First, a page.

[15] An implied cause of action should be available even where the alleged misconduct also falls completely within the confines of an express remedy. "The fact that there may well be some overlap is neither unusual nor unfortunate," SEC v. National Securities, Inc., 393 U.S. 453, 468, 89 S. Ct. 564, 573, 21 L. Ed. 2d 668 (1969), especially since recent developments have properly restricted such implied remedies to the scope authorized by specific statutory provisions. See TSC Industries, Inc. v. Northway, Inc., 426 U.S. 438, 96 S. Ct. 2126, 48 L. Ed. 2d 757 (1976) (materiality); Ernst & Ernst v. Hochfelder, 425 U.S. 185, 96 S. Ct. 1375, 47 L. Ed. 2d 668 (1976) (scienter); Blue Chip Stamps v. Manor Drug Stores, 421 U.S. 723, 95 S. Ct. 1917, 44 L. Ed. 2d 539 (1975) (purchaser/seller). Moreover, to conclude that express and implied causes of action should not overlap would require a case-by-case determination of the applicability of implied remedies under the particular factual situation presented. Such a procedure, especially in a pretrial stage when the factual bases for the various claims have not been developed, would significantly burden an already complex area of the law.

But see Kulchock v. Government Employees Insurance Co., [Transfer Binder '77-'78 Decisions] Fed.Sec.L.Rep. (CCH) ¶ 96,002 (D.D.C. 1977) (complaint dismissed on ground that there is no implied cause of action for misstatements in documents filed with the SEC because § 18 of the 1934 Act provides express remedy for same); appeal of this dismissal Order withdrawn in light of final judgment and settlement, C.A. No. 76-206 (D.D.C. July 28, 1978).

[16] Since defendants' motions are primarily directed to the distinction between express and implied remedies, the Court need not consider the relationship between the two implied causes of action.

Defendants make other minor arguments in support of their motions to dismiss, none of which has merit.

[17] D.C.Code § 2-2413(e) (1973).

[18] See p. 1004 and note 9.

[19] D.C. Code § 12-301(8) (1973).

[20] See Reply by Defendants White & Case and Marion J. Epley, III, to Plaintiffs' Memorandum in Opposition to Motion to Dismiss the Complaint, August 26, 1977, at 18-22.

[21] See note 7 supra.

[22] Plaintiffs' Memorandum in Opposition to Motion by Defendants White & Case and Marion J. Epley, III, July 29, 1977, at 2.

[23] Cook v. Avien, Inc., 573 F.2d 685, 694-95 (1st Cir. 1978); Arneil v. Ramsey, 550 F.2d 774, 780-01 (2d Cir. 1977); Newman v. Prior, 518 F.2d 97, 100 (4th Cir. 1975); Tomera v. Galt, 511 F.2d 504, 509 (7th Cir. 1975); Hudak v. Economic Research Analysts, Inc., 499 F.2d 996, 1001-02 (5th Cir. 1974), cert. denied, 419 U.S. 1122, 95 S. Ct. 805, 42 L. Ed. 2d 821 (1975); Vanderboom v. Sexton, 422 F.2d 1233, 1240 (8th Cir. 1970), cert. denied, 400 U.S. 852, 91 S. Ct. 47, 27 L. Ed. 2d 90 (1970); Janigan v. Taylor, 344 F.2d 781, 784 (1st Cir. 1965), cert. denied, 382 U.S. 879, 86 S. Ct. 163, 15 L. Ed. 2d 120 (1965); Long v. Abbott Mortgage Corp., 459 F. Supp. 108 (D.Conn.1978).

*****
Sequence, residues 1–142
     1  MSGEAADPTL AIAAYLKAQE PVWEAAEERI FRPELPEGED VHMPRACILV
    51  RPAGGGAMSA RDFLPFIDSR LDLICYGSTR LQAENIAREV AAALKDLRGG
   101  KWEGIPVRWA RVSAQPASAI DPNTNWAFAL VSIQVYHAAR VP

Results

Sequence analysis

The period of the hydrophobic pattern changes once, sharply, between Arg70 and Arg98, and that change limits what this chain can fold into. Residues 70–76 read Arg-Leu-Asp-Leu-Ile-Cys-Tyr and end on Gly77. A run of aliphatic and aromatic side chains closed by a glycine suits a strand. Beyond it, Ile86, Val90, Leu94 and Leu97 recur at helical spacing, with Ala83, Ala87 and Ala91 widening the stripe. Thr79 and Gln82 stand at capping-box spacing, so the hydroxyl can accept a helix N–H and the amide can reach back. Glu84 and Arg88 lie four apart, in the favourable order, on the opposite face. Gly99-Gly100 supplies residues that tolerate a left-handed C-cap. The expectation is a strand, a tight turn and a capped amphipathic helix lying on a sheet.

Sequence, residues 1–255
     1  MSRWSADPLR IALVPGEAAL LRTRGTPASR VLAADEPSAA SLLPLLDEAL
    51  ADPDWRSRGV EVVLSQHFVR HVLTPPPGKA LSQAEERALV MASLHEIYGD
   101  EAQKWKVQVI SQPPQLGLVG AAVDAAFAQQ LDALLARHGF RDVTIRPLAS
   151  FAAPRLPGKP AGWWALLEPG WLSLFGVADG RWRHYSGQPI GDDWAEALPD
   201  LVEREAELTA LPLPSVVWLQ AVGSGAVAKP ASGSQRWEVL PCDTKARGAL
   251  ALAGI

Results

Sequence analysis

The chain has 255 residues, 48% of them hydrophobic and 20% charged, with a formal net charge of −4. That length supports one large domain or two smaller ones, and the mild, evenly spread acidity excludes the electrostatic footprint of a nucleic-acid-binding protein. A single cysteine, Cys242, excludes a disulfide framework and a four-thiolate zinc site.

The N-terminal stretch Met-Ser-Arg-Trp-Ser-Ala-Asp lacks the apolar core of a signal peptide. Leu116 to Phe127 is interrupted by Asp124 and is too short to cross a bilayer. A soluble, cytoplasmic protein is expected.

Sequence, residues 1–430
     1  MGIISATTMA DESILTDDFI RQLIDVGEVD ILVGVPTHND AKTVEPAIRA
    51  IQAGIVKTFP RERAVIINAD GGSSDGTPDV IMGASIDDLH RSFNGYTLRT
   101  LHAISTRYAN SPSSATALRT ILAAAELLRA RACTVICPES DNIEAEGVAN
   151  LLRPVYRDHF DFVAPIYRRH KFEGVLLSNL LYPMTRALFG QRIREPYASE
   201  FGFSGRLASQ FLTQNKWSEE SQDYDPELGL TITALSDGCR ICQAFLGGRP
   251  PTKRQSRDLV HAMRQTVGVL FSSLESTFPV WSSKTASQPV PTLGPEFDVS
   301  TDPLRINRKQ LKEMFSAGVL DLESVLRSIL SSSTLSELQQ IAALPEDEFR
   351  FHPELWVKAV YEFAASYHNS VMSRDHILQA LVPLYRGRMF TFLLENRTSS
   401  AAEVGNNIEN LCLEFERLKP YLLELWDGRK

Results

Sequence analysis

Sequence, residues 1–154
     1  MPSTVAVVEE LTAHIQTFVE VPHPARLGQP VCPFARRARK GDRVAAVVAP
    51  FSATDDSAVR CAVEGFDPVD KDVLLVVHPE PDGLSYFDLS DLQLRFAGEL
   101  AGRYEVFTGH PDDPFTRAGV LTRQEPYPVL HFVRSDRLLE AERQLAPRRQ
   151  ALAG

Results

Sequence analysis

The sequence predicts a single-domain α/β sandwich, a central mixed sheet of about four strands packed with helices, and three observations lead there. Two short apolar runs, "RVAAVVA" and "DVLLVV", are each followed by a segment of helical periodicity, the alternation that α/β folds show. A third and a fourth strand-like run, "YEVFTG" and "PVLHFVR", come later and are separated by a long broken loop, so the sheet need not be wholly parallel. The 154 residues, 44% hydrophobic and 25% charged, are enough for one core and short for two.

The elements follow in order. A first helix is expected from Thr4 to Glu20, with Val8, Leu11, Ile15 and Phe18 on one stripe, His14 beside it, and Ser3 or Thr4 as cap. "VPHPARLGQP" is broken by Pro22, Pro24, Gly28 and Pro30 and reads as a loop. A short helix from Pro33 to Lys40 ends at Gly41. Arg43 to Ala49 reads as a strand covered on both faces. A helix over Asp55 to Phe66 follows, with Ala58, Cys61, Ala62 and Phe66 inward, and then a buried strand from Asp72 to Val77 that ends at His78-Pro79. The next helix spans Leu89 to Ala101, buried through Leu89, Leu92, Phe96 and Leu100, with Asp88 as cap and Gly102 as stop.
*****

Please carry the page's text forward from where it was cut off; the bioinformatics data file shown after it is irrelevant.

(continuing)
[24] Cook v. Avien, Inc., supra note 23, at 696; Klein v. Bower, 421 F.2d 338, 343 (2d Cir. 1970).

[25] See p. 2 and note 5 supra and affidavit of Thomas D. Nurmi, filed October 26, 1977.

See also Hupp v. Gray, 500 F.2d 993, 996-97 (7th Cir. 1974) (dramatic fall in market price from $47 per share to $17.50 per share, rather than the $75 predicted to the purchaser, sufficient to put wholly unsophisticated investor on notice that "something was amiss"); Robertson v. Seidman & Seidman, [Current] Fed.Sec. L.Rep. (CCH) ¶ 96,420 (S.D.N.Y. May 3, 1978) (85% decline in value of stock over less than a year, among other signs, should have led plaintiff to suspect fraud). See also Cook v. Avien, Inc., supra note 23, at 696.

[26] This loss was reported in the national press, including the February 17, 1970, Wall Street Journal.

[27] Lawrence M. Greene, general counsel and vice president of Dreyfus, began investigating in January 1970. When questioned concerning the Barron's article of December 12, 1969, his deposition at p. 118 reads:

Q Is it your understanding that upon your review of the Barron's article in January of 1970 that any subsequent investigations you made with respect to National Student Marketing were in contemplation of litigation?

A I was greatly concerned when I read the article . . ., and, in fact, I was rather upset about it and I therefore began to investigate the situation more deeply. Whatever I did following that in connection with looking into the facts is all part and parcel of my turning the matter over to our counsel for litigation. (emphasis added).

Robert G. Steffel, an investment analyst, testified that First Wisconsin Trust was contemplating suit in late 1970 or early 1971.

[28] See also United Airlines, Inc. v. McDonald, 432 U.S. 385, 97 S. Ct. 2464, 53 L. Ed. 2d 423 (1977) (potential class members could intervene after final judgment for the purpose of appealing the denial of class certification, even though the limitations period had run).

[29] The amendment came more than two years after the Lipsig action naming Peat Marwick. Therefore, even if the latter suit should have put plaintiffs on notice that individual accountants at Peat Marwick were involved in the fraud, the federal tolling doctrine cannot be added to the class action tolling doctrine to protect the suit against Natelli and Scansaroli.

[30] Agostine v. Sidcon Corp., 69 F.R.D. 437, 448 n. 13 (E.D.Pa.1975) (Truth in Lending case). See also McAlpine v. AAMCO Automatic Transmissions, Inc., 1977-1 Trade Cases ¶ 61,359 (E.D.Mich.1977) (antitrust case court found dicta "highly persuasive" and tolled the statute of limitations for damage purposes).